Received on: February 25, 2018
Accepted on: July 27, 2018


Zoonoses are diseases that affect both animals and humans(1). However, information on their etiology and pathogenesis in wild animals is scarce(2,3), especially when it comes to less charismatic vertebrates and invertebrates, such as marine animals(1). Wild birds are important for public health because they can be infected with microorganisms that can be transmitted to humans(4,2). They are known to be reservoirs of several agents, including arbovirus, Nile virus, influenza A virus, pathogenic bacteria, and antibiotic-resistant bacteria(1,4). Among the bacteria that are known to be transmitted from wild birds to humans with the possibility of causing disease, are Escherichia coli, Borrelia burgdorferi, Anaplasma phagocytophilum, Salmonella typhimurium, Campylobacter spp., and Mycobacterium spp.(5).

The primary source of infection in birds is the oral-fecal route, through the ingestion of contaminated food and water and direct contact with infected animals(6). Birds are vulnerable to pathogen infections at all stages of their life cycle, both before and after hatching(2). Although the eggshell acts as a physical barrier against some microorganisms, many bacteria can penetrate the pores of the shell and membrane, thus infecting the egg contents(7). After hatching, chicks may contract infections through possibly contaminated food offered by their parents (8). Chicks of colonial birds occur at high densities and are, therefore, vulnerable to the exchange of disease pathogens until they leave the nest(2,8).

Research involving the microbiota of wild birds are scarce or limited to the trade and trafficking of Passeriformes and Psittaciformes, or to a small number of species, mainly those closely associated with humans such as pigeons and seagulls(2,3). Many authors believe that the role of birds as transmitters of bacterial pathogens may have been underestimated(2). Birds can cover long distances, which, consequently, allows the dispersion of the microorganisms they carry.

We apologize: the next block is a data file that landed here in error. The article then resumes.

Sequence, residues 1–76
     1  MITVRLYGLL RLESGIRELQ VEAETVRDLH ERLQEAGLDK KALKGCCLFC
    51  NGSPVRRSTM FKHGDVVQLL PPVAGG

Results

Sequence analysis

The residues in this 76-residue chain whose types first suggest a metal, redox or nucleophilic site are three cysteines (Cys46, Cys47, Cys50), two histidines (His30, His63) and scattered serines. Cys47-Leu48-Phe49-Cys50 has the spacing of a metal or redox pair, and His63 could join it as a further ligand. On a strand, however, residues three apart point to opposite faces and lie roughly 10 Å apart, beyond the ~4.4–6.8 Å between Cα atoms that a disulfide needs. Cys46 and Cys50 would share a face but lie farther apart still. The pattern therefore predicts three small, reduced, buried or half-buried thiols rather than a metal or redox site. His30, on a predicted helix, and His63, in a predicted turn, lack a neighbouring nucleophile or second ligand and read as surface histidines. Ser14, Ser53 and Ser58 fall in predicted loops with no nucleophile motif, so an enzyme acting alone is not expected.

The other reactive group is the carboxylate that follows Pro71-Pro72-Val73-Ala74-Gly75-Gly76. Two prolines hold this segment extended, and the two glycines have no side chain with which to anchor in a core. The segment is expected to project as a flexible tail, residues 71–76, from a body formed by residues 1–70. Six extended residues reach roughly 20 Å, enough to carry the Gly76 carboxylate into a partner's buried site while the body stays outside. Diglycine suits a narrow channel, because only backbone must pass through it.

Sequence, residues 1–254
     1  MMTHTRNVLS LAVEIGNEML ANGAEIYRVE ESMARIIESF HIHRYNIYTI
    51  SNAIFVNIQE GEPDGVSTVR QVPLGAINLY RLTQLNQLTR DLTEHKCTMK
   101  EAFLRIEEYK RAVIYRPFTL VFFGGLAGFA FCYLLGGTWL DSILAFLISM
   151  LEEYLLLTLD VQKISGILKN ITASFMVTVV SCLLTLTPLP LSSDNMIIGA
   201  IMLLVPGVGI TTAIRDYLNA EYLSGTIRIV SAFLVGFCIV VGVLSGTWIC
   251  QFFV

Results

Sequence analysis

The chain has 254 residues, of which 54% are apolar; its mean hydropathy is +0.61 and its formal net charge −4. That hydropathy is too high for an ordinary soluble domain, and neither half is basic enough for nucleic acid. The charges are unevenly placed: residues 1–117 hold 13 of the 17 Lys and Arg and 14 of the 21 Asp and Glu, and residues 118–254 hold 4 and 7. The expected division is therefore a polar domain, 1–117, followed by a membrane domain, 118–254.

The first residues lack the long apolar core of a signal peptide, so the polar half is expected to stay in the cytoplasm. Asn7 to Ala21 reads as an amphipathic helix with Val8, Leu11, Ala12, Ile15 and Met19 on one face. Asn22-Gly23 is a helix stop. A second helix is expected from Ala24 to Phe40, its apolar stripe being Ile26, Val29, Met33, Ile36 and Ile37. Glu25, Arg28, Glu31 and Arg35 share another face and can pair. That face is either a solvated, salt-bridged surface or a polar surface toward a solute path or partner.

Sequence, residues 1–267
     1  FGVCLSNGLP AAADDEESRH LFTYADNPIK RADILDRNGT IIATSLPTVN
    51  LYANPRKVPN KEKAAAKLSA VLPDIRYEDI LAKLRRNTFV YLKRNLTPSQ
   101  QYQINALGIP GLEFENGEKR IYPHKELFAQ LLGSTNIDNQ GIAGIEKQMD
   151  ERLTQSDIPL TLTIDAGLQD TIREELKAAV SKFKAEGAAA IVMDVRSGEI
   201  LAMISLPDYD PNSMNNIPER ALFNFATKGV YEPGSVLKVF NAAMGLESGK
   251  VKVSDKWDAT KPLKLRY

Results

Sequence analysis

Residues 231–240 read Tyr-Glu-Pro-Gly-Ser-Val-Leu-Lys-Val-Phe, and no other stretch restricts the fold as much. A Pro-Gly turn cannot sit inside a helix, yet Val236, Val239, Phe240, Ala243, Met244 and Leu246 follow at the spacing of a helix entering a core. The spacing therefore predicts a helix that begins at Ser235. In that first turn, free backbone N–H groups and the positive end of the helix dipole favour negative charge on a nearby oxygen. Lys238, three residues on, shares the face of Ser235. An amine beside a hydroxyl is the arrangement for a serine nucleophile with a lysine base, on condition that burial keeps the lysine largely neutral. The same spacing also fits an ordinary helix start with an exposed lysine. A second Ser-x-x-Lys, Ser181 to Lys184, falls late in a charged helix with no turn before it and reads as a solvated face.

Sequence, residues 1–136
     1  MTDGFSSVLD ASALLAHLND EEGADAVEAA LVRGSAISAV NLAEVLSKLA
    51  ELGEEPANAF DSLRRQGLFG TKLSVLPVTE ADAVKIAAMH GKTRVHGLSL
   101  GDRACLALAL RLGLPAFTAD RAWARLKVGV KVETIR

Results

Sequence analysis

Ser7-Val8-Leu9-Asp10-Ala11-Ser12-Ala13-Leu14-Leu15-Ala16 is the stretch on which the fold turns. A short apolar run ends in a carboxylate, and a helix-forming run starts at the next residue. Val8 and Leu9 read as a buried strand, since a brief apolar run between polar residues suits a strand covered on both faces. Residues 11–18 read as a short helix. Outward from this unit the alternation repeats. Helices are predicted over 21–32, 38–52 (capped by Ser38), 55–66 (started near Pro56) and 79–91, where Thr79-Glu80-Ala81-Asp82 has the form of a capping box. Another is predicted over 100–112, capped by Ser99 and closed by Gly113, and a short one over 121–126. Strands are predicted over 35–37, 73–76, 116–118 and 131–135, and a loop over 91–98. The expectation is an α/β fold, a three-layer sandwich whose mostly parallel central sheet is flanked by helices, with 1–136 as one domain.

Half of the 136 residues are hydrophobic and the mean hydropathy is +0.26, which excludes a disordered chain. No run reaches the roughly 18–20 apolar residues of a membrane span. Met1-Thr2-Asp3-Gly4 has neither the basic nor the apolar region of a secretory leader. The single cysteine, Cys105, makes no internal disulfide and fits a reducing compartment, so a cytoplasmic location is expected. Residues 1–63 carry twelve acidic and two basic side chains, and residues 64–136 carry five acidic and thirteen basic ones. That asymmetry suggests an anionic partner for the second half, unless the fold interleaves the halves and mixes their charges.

Waterbirds are at the top of the food chain. They forage in the aquatic environment and are therefore susceptible to contamination by bacteria from untreated domestic wastewater. Consequently, they can be reservoirs of infection(9). Thus, waterbirds' health directly reflects on human health, since these birds are considered as bioindicators of environmental changes(10).

Scarlet ibis (Eudocimus ruber) is a waterbird of the order Pelecaniformes and family Threskiornithidae that inhabits mangroves, swamps, and the swampy savannah (Llanos) of the Southern hemisphere(11). The species is described as a tactile predator, inserting its long beak into the soil in search of prey, where it feeds mainly on crustaceans(12,13). Scarlet ibis foraging sites can be located in anthropic areas and when these areas are contaminated by sewage, solid waste, and domestic animal feces, the species becomes susceptible to bacterial pathogen infections.

Castelo-Branco et al. (14) examined whether captive scarlet ibis (Eudocimus ruber) in Mangal das Garças Park (Belém-PA) are reservoirs and carriers of Aeromonas spp. and Plesiomonas spp. These bacteria are described as constituents of the microbiota of ectothermic animals and waterbirds, and are potentially pathogenic in humans, causing waterborne diseases(15). Aeromonas veronii bv. sobria, Aeromonas hydrophila, and Plesiomonas shigelloides bacterial species were isolated in the analyses. The research demonstrated that scarlet ibis could act as reservoirs of fish and human pathogens due to their diet, based on crustaceans and fish. Monitoring of the environment occupied by these birds is extremely important due to the possibility of transmission of diseases by water and food(14).